The bus slowed down. I asked mother what was happening. She told me not to worry. The bus came to a stop at the side of the road.

Mother asked If I needed to use the bathroom and I shook my head. I did need to go but for some reason I felt as if I left the bus it might leave me and I would be left alone on the side of the road. I stood up and leaned over my brother to see where everyone was going. There was a restaurant on the other side of the road.

My brother woke up and he elbowed me in the chest and told me to get off of him. I sat down rubbing my chest. He saw that mother was not here.

I told him not to worry, mama will be back soon. She just went outside.

He stood up to leave as well.

I called his name and told him to sit down. Mama said to stay here and don’t go anywhere.

Mama said—

He left.

I sat alone gripping the metal railing in front of me, trying to look outside the window to see where my brother was going, I wanted to go after him but mama said to stay put and I wanted to go find mama and let her know that he left and that we should find him because what if the bus left without him but I told myself It wouldn’t, it wouldn’t leave, I repeated it over and over but the other thought stayed firm, It might leave, It might leave now, without him and without her, It could, some of the people had returned and took their seats and I was still alone with the fear growing in my heart I felt it itching in my throat as the conductor came back and I wanted to go up and tell him not to leave but I couldn’t move because mama said not to, he was talking to the bus driver and as the noise grew in the bus, the more noticeable the lack of sound of my brother and mother became and the more alone I felt, I saw the conductor looking, counting the people, I tried to draw attention to the two empty seats beside me and I wanted to ask him where the bathroom was, the feeling reaching deep inside of me and the thought of it made my ears burn and I wished the windows would open some more as I felt my body shaking but didn’t know if that was from inside myself or from the motor of the bus, which had just started up again, and my feet wrestled to be in top position as I felt the need to cry.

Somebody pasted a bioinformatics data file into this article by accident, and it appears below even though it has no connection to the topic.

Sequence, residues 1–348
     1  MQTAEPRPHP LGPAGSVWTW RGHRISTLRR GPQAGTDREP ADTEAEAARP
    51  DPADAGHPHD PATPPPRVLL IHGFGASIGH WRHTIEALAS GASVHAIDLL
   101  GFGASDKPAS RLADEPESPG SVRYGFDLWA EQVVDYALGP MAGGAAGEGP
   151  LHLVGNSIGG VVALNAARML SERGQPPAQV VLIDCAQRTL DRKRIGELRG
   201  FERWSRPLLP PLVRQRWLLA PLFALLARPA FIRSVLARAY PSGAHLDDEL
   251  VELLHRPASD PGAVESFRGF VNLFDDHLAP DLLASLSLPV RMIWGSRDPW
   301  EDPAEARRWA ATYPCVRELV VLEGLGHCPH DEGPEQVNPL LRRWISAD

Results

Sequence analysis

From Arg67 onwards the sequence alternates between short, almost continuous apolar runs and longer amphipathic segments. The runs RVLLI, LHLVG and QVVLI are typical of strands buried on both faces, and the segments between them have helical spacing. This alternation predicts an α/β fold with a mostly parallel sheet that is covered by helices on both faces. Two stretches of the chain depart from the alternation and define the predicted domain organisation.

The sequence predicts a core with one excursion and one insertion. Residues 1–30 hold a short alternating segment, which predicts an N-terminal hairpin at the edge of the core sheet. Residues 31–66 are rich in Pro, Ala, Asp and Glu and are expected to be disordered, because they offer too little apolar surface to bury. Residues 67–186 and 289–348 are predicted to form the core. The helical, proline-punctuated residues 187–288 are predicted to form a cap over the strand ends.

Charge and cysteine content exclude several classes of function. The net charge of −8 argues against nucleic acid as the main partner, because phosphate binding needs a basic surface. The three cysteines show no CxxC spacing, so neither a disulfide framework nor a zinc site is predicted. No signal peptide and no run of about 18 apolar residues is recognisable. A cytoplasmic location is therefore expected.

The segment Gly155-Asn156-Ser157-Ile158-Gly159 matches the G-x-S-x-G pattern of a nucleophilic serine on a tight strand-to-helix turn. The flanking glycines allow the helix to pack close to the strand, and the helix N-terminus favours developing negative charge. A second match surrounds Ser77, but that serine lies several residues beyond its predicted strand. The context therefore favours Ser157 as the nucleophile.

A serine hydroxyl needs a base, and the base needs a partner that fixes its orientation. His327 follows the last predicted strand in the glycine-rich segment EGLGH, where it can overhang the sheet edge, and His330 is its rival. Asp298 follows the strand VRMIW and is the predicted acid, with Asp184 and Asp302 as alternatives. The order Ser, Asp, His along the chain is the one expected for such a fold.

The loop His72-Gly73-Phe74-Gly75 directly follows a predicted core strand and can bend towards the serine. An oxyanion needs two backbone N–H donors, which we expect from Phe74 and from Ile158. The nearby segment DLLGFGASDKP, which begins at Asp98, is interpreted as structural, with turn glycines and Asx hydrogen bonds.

An older man came up the steps and the conductor helped him. Behind him was my mother and I stopped shaking. Behind her was my brother, drinking from a juice box, holding a bag of chips in his other hand and I let go of the railing and sat back. I looked out of the window as if I had been doing so the entire time.

Mother came and sat in the middle seat. She opened her purse and took out a juice box for me and she was smiling. She always brought the same lemonade flavour. I could smell the fruity lotion on her hands as I took the juice from her. I took it without giving away what had just been in my head. She also placed a bag of chips on my lap and then leaned back in her chair, watching the movie as the bus got back on the road.

I tried not to think about the thoughts I just had but they kept creeping back into my mind like thoughts always did, especially the bad kind, the kind which kept imagining what will happen at night if the closet door was left open. I wanted to stop thinking and thinking about that made my ears burn again. I was older now. I should be more like my brother. He watched the television screen, gently rocking back and forth with the rhythm of the moving vehicle. I had finished my food and washed it down with the juice box. I placed my head against the cool window and watched my breath fog the glass. The sirens grew louder at once and an ambulance went past us and the sirens died away.